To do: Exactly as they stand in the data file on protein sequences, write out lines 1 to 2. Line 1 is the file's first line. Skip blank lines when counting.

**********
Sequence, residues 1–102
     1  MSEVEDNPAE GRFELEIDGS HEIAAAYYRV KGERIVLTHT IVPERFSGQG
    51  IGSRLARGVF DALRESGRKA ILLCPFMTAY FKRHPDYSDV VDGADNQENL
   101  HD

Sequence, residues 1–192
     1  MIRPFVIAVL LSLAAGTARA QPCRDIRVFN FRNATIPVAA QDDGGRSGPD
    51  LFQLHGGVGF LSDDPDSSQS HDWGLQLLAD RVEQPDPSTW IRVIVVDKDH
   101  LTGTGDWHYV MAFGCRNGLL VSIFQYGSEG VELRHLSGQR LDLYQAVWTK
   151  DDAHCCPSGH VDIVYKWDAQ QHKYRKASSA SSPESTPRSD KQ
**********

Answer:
Sequence, residues 1–102
     1  MSEVEDNPAE GRFELEIDGS HEIAAAYYRV KGERIVLTHT IVPERFSGQG